In this series, Nav.it profiles infamous female financiers and shares what they taught us about navigating their own personal finances. These ladies made money moves long before Cardi B.
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It’s 1774 in Massachusetts, and it’s chaos. The newly established 13 colonies have declared independence from Great Britain, are boycotting British goods, and a war is brewing.
“Chaos is bad for many of us,” says Woody Holton, a history professor at the University of South Carolina, and author of Abigail Adams: A Life. “But if you’re a risk taker and you’re fortunate, the combination of being smart, gutsy and lucky meant you could make a killing.”
Abigail Adams was one such smart, gutsy and lucky ladyboss that we can all learn from.
Remember the Ladies
But before we go any further, let’s set the stage a little better: Abigail Adams was a lady doing a lot at a time where we think ladies didn’t, or couldn’t, do much. In the colonial era, women held just as much of the responsibility as men, Holton says.
While men ran the export side of things—such as handling the production and sales of grain from the farm—women were the economic actors. Women produced for the local economy: they grew vegetables, handled poultry, livestock and dairy, and made clothes.
It was the law that screwed them: Single women could own property and have money in their name, but the second they got married, it all legally belonged to their husband.
“Women had lots of responsibility, but not a lot of power,” Holton says.
So while John Adams was in Boston, and later in France as a diplomat, a 30-something-year-old Abigail ran things at home in Massachusetts. The British boycott meant America was completely cut off from international trade. Unless you could slip a ship past the British navy, importing goods was risky business. Abigail recognized this lack of supply and asked John to send her stuff instead of cash. Goods were more valuable because she could sell them at a high price.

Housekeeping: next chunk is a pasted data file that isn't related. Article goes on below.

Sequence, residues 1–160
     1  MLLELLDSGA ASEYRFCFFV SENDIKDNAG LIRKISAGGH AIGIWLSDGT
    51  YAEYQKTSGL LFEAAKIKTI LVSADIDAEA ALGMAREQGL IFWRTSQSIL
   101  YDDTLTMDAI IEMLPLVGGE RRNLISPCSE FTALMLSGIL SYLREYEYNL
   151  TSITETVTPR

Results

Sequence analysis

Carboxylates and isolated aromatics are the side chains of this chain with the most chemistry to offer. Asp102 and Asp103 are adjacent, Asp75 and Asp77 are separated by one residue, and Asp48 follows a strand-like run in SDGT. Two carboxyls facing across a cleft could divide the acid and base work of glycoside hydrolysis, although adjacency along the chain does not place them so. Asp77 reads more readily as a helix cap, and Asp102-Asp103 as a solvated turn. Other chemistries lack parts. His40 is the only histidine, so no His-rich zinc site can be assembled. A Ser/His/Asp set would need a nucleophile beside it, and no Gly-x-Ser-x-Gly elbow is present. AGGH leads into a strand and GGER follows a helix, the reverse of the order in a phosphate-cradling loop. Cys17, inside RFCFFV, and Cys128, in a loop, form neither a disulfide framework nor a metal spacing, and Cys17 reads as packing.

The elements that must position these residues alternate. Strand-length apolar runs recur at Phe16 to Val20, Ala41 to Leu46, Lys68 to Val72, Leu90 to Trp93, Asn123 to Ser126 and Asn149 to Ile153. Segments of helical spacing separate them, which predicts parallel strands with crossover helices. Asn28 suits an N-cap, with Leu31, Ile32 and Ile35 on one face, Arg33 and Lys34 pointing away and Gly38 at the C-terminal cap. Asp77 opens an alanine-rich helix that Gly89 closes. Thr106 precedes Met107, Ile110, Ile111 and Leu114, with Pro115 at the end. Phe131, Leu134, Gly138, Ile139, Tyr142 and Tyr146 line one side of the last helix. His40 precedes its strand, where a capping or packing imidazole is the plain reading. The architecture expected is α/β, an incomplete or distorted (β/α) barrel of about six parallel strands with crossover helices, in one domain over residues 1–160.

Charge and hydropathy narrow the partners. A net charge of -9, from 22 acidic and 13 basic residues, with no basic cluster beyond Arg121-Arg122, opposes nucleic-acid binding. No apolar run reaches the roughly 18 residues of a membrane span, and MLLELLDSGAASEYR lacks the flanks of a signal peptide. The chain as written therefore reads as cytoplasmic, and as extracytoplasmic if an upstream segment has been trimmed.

“Some of her ships were captured,” Holton says. “John was more risk averse, but she said to him, ‘If one in three arrives, I should be a gainer.’ She understood high risk is high profit.”
Abigail was a risk taker. John wasn’t. He believed land was the safest investment (and it was, in a way: stealing land is harder than stealing money). But the safety of the investment meant a lower return, about 1 percent. Abigail didn’t want to play it safe—she had her eye on bonds.
Basically, a bond is an IOU between you and the government, and you function as the bank. The government borrows money from you with a promise to pay it back with interest. War is really expensive, so the cash-strapped government paid its Revolutionary War soldiers with these IOUs until it could rustle up the actual funds.
Well, you can’t feed your family on an IOU, so soldiers would sell their bonds in exchange for gold or silver. And the going rate was about one-third of the bond’s face value.
When no one else had faith in the government to pay out these bonds, Abigail wanted in.
During 1785, these bonds earned 6 percent of their face value. So, for example, if Abigail bought a bond worth $100 of old timey money, she only paid $33 for it. But she still earned 6 percent off the $100, amounting to $6 per year. When the government paid out the bond and interest, Abigail earned $6 per year off of a $33 investment, resulting in about 18 percent return.
“The thing she had over John is guts,” Holton says. “She had a lack of formal education, but she was not at all intimidated by the Harvard graduate that she married.”
Last Act of Defiance
Abigail made a lot of money for the Adams household by investing smartly, but she didn’t stop financially trailblazing for women. Toward the end of the Revolutionary War, she symbolically opened her own account.
“She took some of this money [that she made] for her husband—at least that’s what a women does in the eyes of the law—and set it aside as her own pocket money,” Holton says. “‘This money, which I call mine,’ she writes. She’s saying she knows that the law sees it as her husband’s, but she wants it for herself.”
Technically, she didn’t have the legal right to her own money, but she said she did. John, though not always a feminist, respected Abigail’s wishes. He didn’t fight her on the separate account, though he could have.
He also didn’t fight her on the will she wrote before she died in 1818.
“She’s not supposed to have one, she [legally] has no property to divide,” Holton says.
Abigail had about $6,000 to her name (which is about $100,000 in modern money, honey!), but didn’t want all her hard-earned cash to simply go back to John. Besides leaving some cash to her sons, Abigail divided her fortunes among women—many of whom were married.
Dear Abby, How’d You Do It?
Abigail wasn’t a staunch activist. She just wanted an even playing field for women, and she fought that battle on a personal level.
She didn’t have an MBA nor did she mire herself in insider trading. She was observant, good at managing money, and didn’t hide it.
Abigail Adams taught us that cultivating nerves of steel, finding a willing seller, and investing with your head can make for strong financial success.